The government has brought down ordinates,

the orders are being carried out by the police

before 50 minutes of the thing actually being off the presses. As Gordon Bryant said, the police are only doing their duty but it's a pretty dirty duty they've been given to do. Now, this sorry story started round about January early this year - Australia Day. Australia Day 1972 saw, as I remember it anyway,

the first Aboriginal embassy erected outside Parliament House. At that time I don't think it was intended to be anything other than a fairly temporary measure. It was intended to demonstrate the great need for attention to be given to the Aboriginal cause and in particular land rights. This great, driving, emotional, unifying force called the need for Aboriginal land rights. PROTESTORS: Land rights!

Land rights! Land rights! Easy! Easy!

Land rights! Land rights!

Land rights! Land rights! Land rights! Land rights! There she is!

Land rights! Land rights! (Screams)

Land rights! Land rights! Land rights! Land rights! Come on, get up. Land rights! Land rights! Land rights! Land rights! REPORTER: Labor Member for the ACT, Mr Gordon Bryant. The Labor Member for Willis in Victoria. Gentlemen, can you comment on the situation? Yes, it's a great commentary on government's proclaimed desire for law and order. They've done this, this is a deliberate act. These people were not hurting anyone, it was a peaceful assembly. They objected this flag. And you see the result of it, a deliberate act to create unrest. These people are acting in a predictable way, government intended this to happen. Mr Bryant? The most despicable action that I've seen government perpetrate in my 20 years in public life. What should the police do? They didn't need to do anything. The ordinance is there, the government could have taken some action to entice them away, or make some offer, some symbolic gesture in the Parliament

and it would have all been over. But they wouldn't do that. They'd rather bring all the forces of the police to drag them off.

Now it's bad for the police and bad for the whole nation.

Who won as a result of today? I suppose Australia's lost,

but the Aboriginal people at least will have everybody in Australia

know what they're fighting about tonight. A few arrests, a few injuries on both sides and it was all over in about 15 minutes. The government saw that it had had it's way. 50 ACT police used this very successful method to clear the Parliament House eyesore. The ACT ordinance prohibiting camping on unleased ground had been law for but a couple of hours. The ordinance was both the excuse and the reason for the police to move in. The police paddy wagon and the police trailer can cart away the immediate evidence of the Aborigines dissatisfaction but the problem is surely left behind. Unless now anyone imagine that the government was touched by this scene this morning, let me report that a federal minister told me after, "You and I couldn't do it, so why should they? We told them to move, they got what was coming to them. They deserved everything they got."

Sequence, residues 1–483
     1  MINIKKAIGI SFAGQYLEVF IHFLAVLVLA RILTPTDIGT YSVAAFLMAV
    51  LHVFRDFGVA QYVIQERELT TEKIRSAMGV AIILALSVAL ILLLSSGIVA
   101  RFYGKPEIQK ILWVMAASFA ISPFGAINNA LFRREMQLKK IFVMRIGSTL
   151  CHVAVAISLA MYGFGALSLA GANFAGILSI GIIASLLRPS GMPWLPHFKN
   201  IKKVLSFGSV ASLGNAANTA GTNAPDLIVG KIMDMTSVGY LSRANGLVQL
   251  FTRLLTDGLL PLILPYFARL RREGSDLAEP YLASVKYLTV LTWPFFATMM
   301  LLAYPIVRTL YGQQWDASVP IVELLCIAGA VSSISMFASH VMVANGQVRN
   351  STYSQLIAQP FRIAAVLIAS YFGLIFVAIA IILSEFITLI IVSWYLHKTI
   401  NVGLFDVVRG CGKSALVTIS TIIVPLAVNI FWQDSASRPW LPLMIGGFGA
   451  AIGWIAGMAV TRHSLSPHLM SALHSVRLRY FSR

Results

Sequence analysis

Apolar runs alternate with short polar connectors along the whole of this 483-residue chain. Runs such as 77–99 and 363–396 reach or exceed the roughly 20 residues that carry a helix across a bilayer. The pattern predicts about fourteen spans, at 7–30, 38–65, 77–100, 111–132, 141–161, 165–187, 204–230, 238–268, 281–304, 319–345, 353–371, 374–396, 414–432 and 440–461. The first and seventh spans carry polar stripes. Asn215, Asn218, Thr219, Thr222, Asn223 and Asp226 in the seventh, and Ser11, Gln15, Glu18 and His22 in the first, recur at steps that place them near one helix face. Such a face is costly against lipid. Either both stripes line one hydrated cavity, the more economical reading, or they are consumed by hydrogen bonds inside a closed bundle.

PROTESTORS: Land rights!

Land rights! Land rights! Land rights! Land rights! (Screams)

Land rights! Land rights! (Screams)

Land rights! Land rights! Land rights! Land rights! (Screams) Land rights! Land rights! Land rights! Land rights! (Screams) Land rights! Land rights!

(Screams)

Land rights! Land rights! Land rights! Land rights! (Screams)

Land rights! Land rights! Land rights! Land rights! (Screams)

Land rights! Land rights! What do you want? Land rights! When do you want it? Now! What do you want? Land rights! When do you want it? Now! What do you want? Land rights! When do you want it? Now! What do you want? Land rights! When do you want it? Now! What do you want? Land rights! When do you want it? Now! What do you want? Land rights! When do you want it? Now!

What do you want? Land rights! When do you want it? Now! What do you want? Land rights! When do you want it? Now! What do you want? Land rights! When do you want it? Now! What do you want? Land rights! When do you want it? Now!